Impassibility in the Church Fathers: Why the Great Tradition affirmed impassibility
The new issue of Credo Magazine focuses on The Impassibility of God. The following is an excerpt from Gerald Bray’s feature article, Impassibility in the Church Fathers: Why the Great Tradition affirmed impassibility. Gerald Bray (D. Litt., University of Paris-Sorbonne) is Research Professor of Divinity at Beeson Divinity School. Bray is a minister in the Church of England and the author of many books including The Doctrine of God (in the Contours of Christian Theology series of which he is the general editor).
The Old Testament says nothing about divine impassibility, although God is revealed as being completely different from his creation. When the problem of suffering is addressed, as it is in the book of Job for example, the emphasis is on human experience, not on God. When Job confronts his Creator, the reply is not: “I know how you feel” but: “Where were you when I laid the foundations of the earth?” (Job 38:4). God’s response to Job reinforces his incomprehensibility and gives no indication that he shares the same trials as his creatures.
In the New Testament, there are a few references to God being immortal and invisible (1 Tim. 1:17), but nothing is said directly about whether he is impassible. On the other hand, the ancients often linked suffering to mortality, as in the Nicene Creed, where Jesus “suffered and was buried,” the implication being that his suffering led to death. If that assumption is correct, perhaps the affirmation that God is immortal includes impassibility, even if that is not explicitly stated.
The silence or ambiguity of the Scriptures on this subject is not paralleled in ancient Greek literature, where the adjective apathēs (“impassible”) occurs in pre-Christian writings along with the abstract noun apatheia (“impassibility”). In pagan thinking it had two primary meanings. The first was “freedom from physical pain” of the kind inflicted by wounds in battle or by disease. The second was “freedom from emotion” which included indifference to the feelings of others.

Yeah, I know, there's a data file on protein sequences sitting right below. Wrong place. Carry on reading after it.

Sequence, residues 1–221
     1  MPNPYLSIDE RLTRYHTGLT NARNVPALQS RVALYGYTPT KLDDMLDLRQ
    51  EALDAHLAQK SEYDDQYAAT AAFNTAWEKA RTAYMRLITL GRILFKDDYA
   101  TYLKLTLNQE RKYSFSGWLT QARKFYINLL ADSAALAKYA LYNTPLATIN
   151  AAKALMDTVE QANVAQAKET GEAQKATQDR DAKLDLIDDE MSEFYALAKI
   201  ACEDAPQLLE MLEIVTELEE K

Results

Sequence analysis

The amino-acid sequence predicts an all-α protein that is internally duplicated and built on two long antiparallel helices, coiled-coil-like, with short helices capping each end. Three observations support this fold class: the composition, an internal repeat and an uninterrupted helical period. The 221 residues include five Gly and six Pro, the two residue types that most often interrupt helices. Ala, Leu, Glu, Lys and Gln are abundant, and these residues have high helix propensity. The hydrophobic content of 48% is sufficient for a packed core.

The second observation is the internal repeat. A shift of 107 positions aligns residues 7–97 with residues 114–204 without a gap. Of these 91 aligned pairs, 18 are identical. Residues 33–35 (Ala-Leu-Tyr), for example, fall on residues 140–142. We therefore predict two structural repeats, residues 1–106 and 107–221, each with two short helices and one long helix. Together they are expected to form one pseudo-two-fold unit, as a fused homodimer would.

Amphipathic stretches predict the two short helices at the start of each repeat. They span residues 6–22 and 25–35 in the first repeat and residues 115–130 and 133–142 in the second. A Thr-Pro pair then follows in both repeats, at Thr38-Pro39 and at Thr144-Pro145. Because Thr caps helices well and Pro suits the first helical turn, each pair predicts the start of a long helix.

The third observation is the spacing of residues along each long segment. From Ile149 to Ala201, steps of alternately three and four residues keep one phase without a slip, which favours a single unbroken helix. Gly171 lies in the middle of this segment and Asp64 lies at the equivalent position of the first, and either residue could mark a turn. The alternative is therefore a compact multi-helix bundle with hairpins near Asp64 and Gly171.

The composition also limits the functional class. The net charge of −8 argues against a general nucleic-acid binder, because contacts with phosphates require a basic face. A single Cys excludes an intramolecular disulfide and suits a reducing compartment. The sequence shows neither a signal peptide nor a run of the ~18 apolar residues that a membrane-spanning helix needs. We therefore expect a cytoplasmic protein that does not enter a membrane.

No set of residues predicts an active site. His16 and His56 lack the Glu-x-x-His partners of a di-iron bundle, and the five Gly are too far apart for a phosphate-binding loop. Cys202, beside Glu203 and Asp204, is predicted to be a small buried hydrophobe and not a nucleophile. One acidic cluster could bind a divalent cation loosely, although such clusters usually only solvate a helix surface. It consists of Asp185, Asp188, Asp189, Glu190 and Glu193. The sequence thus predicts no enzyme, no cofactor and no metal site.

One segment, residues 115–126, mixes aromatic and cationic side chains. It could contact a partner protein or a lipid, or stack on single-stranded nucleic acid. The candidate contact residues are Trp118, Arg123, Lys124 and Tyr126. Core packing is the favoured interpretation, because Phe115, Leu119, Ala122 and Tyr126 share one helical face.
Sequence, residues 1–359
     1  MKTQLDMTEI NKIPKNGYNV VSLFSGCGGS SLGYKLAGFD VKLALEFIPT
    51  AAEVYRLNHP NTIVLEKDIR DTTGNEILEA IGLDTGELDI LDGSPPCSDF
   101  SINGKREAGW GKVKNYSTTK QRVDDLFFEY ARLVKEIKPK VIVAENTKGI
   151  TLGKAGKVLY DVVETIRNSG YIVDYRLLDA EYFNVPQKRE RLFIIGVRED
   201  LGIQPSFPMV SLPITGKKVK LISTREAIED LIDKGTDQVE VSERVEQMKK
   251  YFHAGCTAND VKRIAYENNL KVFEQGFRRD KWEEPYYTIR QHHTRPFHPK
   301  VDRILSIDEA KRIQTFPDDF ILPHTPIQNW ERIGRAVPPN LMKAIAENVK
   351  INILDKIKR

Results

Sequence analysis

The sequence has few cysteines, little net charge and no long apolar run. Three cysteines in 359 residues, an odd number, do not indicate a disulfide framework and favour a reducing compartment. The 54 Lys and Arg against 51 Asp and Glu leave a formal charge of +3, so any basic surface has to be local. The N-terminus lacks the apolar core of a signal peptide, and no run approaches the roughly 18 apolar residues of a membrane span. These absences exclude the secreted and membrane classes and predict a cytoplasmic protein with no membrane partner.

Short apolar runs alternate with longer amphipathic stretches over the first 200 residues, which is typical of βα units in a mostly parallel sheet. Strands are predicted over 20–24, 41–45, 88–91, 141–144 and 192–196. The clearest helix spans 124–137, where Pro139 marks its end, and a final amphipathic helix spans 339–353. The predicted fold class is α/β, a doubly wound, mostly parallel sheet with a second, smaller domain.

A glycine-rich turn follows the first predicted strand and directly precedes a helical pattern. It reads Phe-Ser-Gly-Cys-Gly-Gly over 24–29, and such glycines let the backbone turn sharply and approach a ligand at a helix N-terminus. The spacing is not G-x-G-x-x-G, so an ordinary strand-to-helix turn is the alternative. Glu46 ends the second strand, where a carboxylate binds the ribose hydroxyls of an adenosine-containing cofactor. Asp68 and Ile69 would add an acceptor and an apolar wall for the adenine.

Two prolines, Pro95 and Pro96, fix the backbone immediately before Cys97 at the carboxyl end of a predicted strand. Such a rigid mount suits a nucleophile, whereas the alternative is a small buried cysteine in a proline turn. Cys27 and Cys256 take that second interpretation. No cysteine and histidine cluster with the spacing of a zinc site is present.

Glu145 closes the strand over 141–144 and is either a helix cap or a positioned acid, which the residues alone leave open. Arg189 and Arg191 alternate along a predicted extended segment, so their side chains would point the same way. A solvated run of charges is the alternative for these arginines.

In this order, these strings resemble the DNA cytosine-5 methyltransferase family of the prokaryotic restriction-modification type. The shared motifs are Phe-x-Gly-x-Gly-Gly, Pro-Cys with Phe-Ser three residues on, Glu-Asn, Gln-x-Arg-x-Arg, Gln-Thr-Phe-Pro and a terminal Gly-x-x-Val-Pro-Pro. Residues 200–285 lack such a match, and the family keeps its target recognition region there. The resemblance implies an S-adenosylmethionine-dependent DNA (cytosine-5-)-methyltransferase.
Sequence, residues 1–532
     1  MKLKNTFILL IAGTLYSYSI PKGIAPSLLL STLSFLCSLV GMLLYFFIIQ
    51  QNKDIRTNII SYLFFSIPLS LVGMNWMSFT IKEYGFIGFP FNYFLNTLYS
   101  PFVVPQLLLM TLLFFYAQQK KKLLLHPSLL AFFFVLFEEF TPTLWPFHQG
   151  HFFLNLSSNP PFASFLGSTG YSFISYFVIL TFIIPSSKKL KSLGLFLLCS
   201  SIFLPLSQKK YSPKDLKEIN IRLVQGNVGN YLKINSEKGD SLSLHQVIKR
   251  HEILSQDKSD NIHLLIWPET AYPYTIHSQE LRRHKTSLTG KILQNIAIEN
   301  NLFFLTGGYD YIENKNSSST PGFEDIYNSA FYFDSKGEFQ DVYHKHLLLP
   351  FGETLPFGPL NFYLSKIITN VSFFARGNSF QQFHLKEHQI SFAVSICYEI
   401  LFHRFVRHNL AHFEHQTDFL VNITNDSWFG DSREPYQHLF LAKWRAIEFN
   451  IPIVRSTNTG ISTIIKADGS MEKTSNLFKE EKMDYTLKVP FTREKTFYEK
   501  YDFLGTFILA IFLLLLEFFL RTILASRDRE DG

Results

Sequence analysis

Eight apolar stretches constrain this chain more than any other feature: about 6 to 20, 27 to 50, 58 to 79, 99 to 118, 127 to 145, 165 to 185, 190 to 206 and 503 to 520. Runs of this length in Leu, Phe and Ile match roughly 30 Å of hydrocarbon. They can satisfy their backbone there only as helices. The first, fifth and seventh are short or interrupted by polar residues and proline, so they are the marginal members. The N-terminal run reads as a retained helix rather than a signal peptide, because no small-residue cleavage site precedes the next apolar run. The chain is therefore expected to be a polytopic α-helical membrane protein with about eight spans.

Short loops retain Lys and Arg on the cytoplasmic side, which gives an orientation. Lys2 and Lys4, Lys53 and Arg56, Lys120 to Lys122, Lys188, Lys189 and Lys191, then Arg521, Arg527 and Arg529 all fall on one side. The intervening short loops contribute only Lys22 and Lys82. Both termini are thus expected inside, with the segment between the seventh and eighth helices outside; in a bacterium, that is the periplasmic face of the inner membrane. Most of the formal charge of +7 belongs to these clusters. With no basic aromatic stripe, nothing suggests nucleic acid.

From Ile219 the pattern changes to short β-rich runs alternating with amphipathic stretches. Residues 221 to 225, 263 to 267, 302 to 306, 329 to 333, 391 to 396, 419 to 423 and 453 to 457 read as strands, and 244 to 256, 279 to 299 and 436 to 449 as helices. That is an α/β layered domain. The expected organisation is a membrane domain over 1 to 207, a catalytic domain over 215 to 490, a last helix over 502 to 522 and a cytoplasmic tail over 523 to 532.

These words were usually used to refer to human beings, who were either spared suffering or who were insensitive to it. The Stoic philosophers turned this into a virtue and advocated practicing self-control in the presence of misfortune. The basic belief was that suffering was inflicted from outside the individual who experienced it and was a sign of weakness and susceptibility to control by an alien force. Even today, the Stoics are remembered for this teaching and the word “stoical” describes someone who remains calm (and apparently indifferent) when suffering strikes.
What is not clear fromancient sources is whether impassibility was an attribute of the pagan gods. To the extent that the gods were pictured as living in Olympian bliss, far removed from the cares of this world, they were free from suffering, but it is hard to say whether this freedom was circumstantial or inherent in their divine natures. Mt Olympus might be a place of refuge and human beings could aspire to enter the equally privileged Elysian Fields after their death, but this was an escape from earthly reality rather than a sign of protection against it. The ancient myths often spoke of divine conflicts that involved forms of suffering, and many pagan gods were human beings who were deified after their (sometimes gory) deaths. True impassibility would have meant that the gods could walk among men without being exposed to human suffering, but there is little or no sign of that.
Christianity stood out against all forms of paganism by proclaiming that God had come to earth, shared in human suffering and died on a cross for our salvation. Divine suffering, far from being an obscure subject, was central to the message of the gospel. Both Jews and pagans attacked Christians for that because they were proclaiming something that seemed to them to be unworthy of God. Christians answered this charge by saying that God was impassible in his being (or nature) but that the second Person of the Trinity had become a man specifically so that he could suffer and die for us. That was possible in an assumed human nature but not in his primordial divinity. It is in that context, and not as some extension of Stoicism, that the Christian doctrine of divine impassibility must be understood.